The Alabama Personnel Board has reinstated a correctional officer who was dismissed on his warden’s recommendation this spring because he used excessive force against an incarcerated man who subsequently died from blunt force trauma.
Capt. Timothy McCorvey was a senior supervisor at Ventress Correctional Facility in southeast Alabama on January 21, 2023, when he struck Brandon Crosby.
Surveillance video showed Capt. McCorvey entering E-Dormitory at approximately 2:21 am and dragging Mr. Crosby by his shirt collar into the hallway outside the dorm.
Then, according to the administrative law judge who reviewed the video for the board, Capt. McCorvey leaned down and said something to Mr. Crosby and then punched him before securing Mr. Crosby in handcuffs. After he was handcuffed on the ground, Mr. Crosby grabbed Capt. McCorvey’s leg and raised his head slightly. At this point, the ALJ found:
It appears McCorvey hit Crosby a second time in the video. Crosby’s head snapped toward the floor after McCorvey made a sudden movement toward Crosby. Crosby rolled over onto his side and appeared in distress until the end of the video.
Mr. Crosby, 36, died at the hospital later that day from blunt force trauma, according to an autopsy that showed extensive hemorrhaging around his brain as well as multiple rib fractures, liver and spleen lacerations, and deep bruising through Mr. Cosby’s neck.
An internal investigation by Alabama Department of Corrections staff later concluded that Mr. Crosby had ingested drugs that caused him to fall off his bunk and hit his head on the floor.
Two separate ADOC investigations concluded that Capt. McCorvey used excessive force in violation of ADOC policy by striking Mr. Crosby once with a closed fist and a second time with an open hand even though, the ALJ wrote, Mr. Crosby “did not pose a threat to McCorvey and never engaged in active resistance.”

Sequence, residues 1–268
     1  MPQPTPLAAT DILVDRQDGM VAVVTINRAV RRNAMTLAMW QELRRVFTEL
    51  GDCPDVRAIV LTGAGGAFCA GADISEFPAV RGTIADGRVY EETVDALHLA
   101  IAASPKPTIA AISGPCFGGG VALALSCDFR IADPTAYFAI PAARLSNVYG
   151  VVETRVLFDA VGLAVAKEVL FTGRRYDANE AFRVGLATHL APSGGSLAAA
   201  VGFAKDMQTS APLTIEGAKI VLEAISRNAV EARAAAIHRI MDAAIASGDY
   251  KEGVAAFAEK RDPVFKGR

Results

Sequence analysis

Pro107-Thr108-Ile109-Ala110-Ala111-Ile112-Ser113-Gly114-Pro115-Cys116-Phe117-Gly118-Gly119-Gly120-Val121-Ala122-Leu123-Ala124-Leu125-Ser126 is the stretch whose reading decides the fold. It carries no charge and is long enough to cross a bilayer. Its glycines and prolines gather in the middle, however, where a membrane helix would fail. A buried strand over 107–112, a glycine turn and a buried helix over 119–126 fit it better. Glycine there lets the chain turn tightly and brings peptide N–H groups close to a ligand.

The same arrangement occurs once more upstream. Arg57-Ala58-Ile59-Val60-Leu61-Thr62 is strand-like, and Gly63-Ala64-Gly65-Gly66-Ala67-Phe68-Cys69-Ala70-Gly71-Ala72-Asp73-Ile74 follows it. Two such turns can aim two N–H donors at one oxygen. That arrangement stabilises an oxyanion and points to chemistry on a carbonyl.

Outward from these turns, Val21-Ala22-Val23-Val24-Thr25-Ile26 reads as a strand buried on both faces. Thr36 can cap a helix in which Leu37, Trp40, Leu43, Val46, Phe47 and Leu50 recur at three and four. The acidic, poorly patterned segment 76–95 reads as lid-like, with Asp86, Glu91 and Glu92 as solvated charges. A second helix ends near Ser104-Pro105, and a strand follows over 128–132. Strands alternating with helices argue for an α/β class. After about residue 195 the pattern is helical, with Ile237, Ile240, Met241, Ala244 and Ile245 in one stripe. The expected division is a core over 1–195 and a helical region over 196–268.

The warden at Ventress recommended Capt. McCorvey’s dismissal, citing the “unnecessary and unwarranted force that was used against the inmate,” and ADOC terminated his employment on April 4.
He appealed the dismissal to the Alabama State Personnel Board, which adopted the ALJ’s findings that his use of force was “excessive and unnecessary since Crosby was handcuffed.” The board nonetheless reinstated Mr. McCorvey with full back pay minus a 10-day suspension. Mr. McCorvey remains employed by ADOC.
Mr. Crosby is one of numerous incarcerated people who have died or suffered grievous injuries after assaults by officers at Ventress.
On November 30, 2019, Sgt. Derek Simmons, Officer Jujuan Whigham, and other Ventress officers reportedly assaulted Michael Smith, who was hospitalized with bilateral skull fractures, internal brain bleeding, fractures to his nose and eye socket, and broken teeth. According to court records, prison staff told the responding paramedics that Mr. Smith sustained his head injuries “by falling off his top bunk.”
Mr. Smith died on December 5, 2019. His death was ruled a homicide caused by blunt force head trauma. ADOC announced that it was investigating “an alleged use of force” and placed two officers on leave. It also agreed to pay private attorneys up to $1.2 million to defend it against a lawsuit filed by Mr. Smith’s family. In 2022, former Sgt. Simmons was charged with manslaughter in connection with Mr. Smith’s death.
In 2018, Ventress Sgt. Markeon Persons struck Daniel Beaty in the jaw while Mr. Beaty was handcuffed behind his back. A nurse testified that the blow dislocated Mr. Beaty’s jaw and left a bone fragment protruding from his gum. Sgt. Persons was dismissed and pleaded guilty to misdemeanor charges.
On August 4, 2010, a group of officers including Lt. Michael Smith used their batons, fists, and feet to beat Rocrast Mack to death in a dormitory at Ventress after he was accused of looking inappropriately at a female officer. Mr. Mack sustained fractures to his ribs, arms, legs, and skull during the attack. An autopsy concluded he died as a result of multiple blunt force trauma. Multiple officers pleaded guilty in federal court to assaulting Mr. Mack and to obstruction of justice for covering up the assault.
These examples of prison guards brutally attacking the people in their care are among dozens uncovered by federal investigators and detailed in a Justice Department report sent to Gov. Kay Ivey in 2020.
“[U]ses of force are so commonplace in Alabama’s prisons that officers, even supervisors, watch other officers brutally beating prisoners and do not intervene,” federal prosecutors found. “In short, in Alabama’s prisons, cruel treatment of prisoners by staff is common.”
Even though Alabama has been on notice for years that it is violating the Constitution by failing to protect incarcerated people from excessive use of force by prison staff, ADOC has made no meaningful changes, and the toxic culture of unlawful violence by prison officers and supervisors continues unabated.
At least 80 ADOC employees have been criminally charged or administratively sanctioned for misconduct within Alabama prisons since 2019 alone. In 30 of those cases, the offending officers were supervisors.